Drugs Used to Treat Erectile Dysfunction can also Treat Rare Cancers

by Hannah Joy on  April 13, 2018 at 9:50 AM Drug News
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Drugs that are prescribed to treat erectile dysfunction were found to have the potential to be repurposed for treating rare cancers, reveals a new study.
Drugs Used to Treat Erectile Dysfunction can also Treat Rare Cancers
Drugs Used to Treat Erectile Dysfunction can also Treat Rare Cancers

The new clinical study was published in the open access journal, ecancermedicalscience. The paper is the latest publication from the Repurposing Drugs in Oncology (ReDO) project, an international collaboration between the Anticancer Fund, Belgium, and USA-based GlobalCures.

With the high cost of new cancer drugs a huge political issue faced by governments across the world, the mission of the Anticancer Fund is to identify which commonly (and cheaply) available existing drugs have untapped life-saving potential.

In their paper, the researchers have identified that selective phosphodiesterase 5 (PDE5) inhibitors have the potential to be used in new drug trials. These PDE5 inhibitors are a class of drugs that include sildenafil, tadalafil and vardenafil (more commonly known by their brand names Viagra ®, Cialis ® and Levitra®).

"In many respects sildenafil is the ultimate repurposing success story," says Dr Pan Pantziarka of the Anticancer Fund. "It was originally developed for angina, repurposed for erectile dysfunction and then again for pulmonary arterial hypertension, and now it has the potential to be repurposed again as an anti-cancer drug."

Like many of the other drugs that the Repurposing Drugs in Oncology (ReDO) Project has profiled in publications in ecancermedicalscience, PDE5 inhibitors show a wide range of mechanisms of action in different cancer types, such as glioblastoma multiforme, a rare disease where clinically meaningful advances are desperately needed.

"Checkpoint inhibitors have radically altered the landscape in oncology, but there remain significant challenges in terms of increasing the number and duration of responses," Pantziarka explains.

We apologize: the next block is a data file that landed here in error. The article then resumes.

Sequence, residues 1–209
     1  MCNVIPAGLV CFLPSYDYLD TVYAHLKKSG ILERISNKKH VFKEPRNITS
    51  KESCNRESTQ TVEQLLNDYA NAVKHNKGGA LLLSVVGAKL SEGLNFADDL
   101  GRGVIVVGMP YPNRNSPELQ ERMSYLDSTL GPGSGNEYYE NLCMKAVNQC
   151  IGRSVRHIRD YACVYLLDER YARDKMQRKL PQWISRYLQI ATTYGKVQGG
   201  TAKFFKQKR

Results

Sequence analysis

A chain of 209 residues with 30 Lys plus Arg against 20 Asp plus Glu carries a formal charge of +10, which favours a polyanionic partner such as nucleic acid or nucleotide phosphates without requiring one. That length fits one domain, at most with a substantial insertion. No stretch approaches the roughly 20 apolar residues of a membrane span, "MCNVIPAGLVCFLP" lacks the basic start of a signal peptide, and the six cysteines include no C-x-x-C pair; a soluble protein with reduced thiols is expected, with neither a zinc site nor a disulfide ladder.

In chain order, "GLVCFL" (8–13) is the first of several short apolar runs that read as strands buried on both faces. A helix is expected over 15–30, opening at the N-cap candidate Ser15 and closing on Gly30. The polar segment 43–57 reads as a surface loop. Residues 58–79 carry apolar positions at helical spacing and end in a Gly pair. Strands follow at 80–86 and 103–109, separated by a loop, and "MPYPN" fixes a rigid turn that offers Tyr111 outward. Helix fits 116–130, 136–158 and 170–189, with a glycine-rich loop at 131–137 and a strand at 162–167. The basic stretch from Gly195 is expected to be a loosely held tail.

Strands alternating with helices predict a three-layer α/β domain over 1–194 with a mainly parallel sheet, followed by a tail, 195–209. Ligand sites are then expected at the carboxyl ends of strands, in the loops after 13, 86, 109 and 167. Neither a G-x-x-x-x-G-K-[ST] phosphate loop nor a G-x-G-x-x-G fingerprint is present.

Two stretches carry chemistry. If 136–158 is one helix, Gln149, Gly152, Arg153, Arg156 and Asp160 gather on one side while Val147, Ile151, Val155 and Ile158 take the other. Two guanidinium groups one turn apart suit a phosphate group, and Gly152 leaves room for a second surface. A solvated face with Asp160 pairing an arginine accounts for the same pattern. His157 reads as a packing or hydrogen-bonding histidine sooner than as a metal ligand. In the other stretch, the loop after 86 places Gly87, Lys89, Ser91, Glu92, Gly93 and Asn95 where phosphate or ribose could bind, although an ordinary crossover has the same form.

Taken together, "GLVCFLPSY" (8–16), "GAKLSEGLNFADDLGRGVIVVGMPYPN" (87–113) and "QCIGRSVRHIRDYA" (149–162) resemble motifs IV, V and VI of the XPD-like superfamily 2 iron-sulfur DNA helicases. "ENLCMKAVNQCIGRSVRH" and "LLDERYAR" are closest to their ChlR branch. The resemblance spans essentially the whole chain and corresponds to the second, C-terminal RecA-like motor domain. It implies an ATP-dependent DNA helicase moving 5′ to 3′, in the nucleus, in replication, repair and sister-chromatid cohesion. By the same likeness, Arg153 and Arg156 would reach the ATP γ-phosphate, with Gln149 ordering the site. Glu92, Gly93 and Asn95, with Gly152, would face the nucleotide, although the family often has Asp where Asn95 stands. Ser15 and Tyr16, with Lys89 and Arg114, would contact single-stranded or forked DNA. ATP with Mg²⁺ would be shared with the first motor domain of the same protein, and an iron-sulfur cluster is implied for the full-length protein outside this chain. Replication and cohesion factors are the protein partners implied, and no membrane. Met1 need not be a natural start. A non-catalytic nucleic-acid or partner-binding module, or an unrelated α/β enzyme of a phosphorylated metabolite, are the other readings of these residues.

"Emerging evidence, summarized in this paper, suggests that PDE5 inhibitors may be one mechanism for achieving this."

"It would be ironic if the key to improving outcomes from some of the most expensive drugs in oncology comes from repurposing some of the cheapest non-oncology drugs."

The paper also explores the issue that finding new agents able to cross the blood-brain-barrier is a challenge which severely limits the range of drugs available to treat brain tumours.

There is some evidence that drugs not currently licenced for cancer treatment like the PDE5 inhibitors, are able to increase permeability so that drug delivery to brain tumours is improved - thereby potentially opening the door to new therapeutic options for patients.

The paper includes a broad range of data, pre-clinical and clinical, has been summarised and presented to make the case that these commercially available and widely used PDE5 inhibitors are very strong candidates for repurposing as anticancer agents. These low-cost, low-toxicity drugs show potential to be included with current and emerging standard of care treatments in oncology. The researchers' hope is that this paper will bring the potential of this class of drugs to the attention of more clinicians and researchers engaged in clinical trials.

A number of small, early phase trials are on-going, but the ReDO group believe that it is time for much larger efficacy trials to begin, so that the promise of these cheap repurposed medications can be fully realized.

Previous papers from the ReDO project have explored how inexpensive, common drugs such as beta-blockers and anti-fungal remedies can be "repurposed" and used as part of cancer treatments.



Source: Eurekalert
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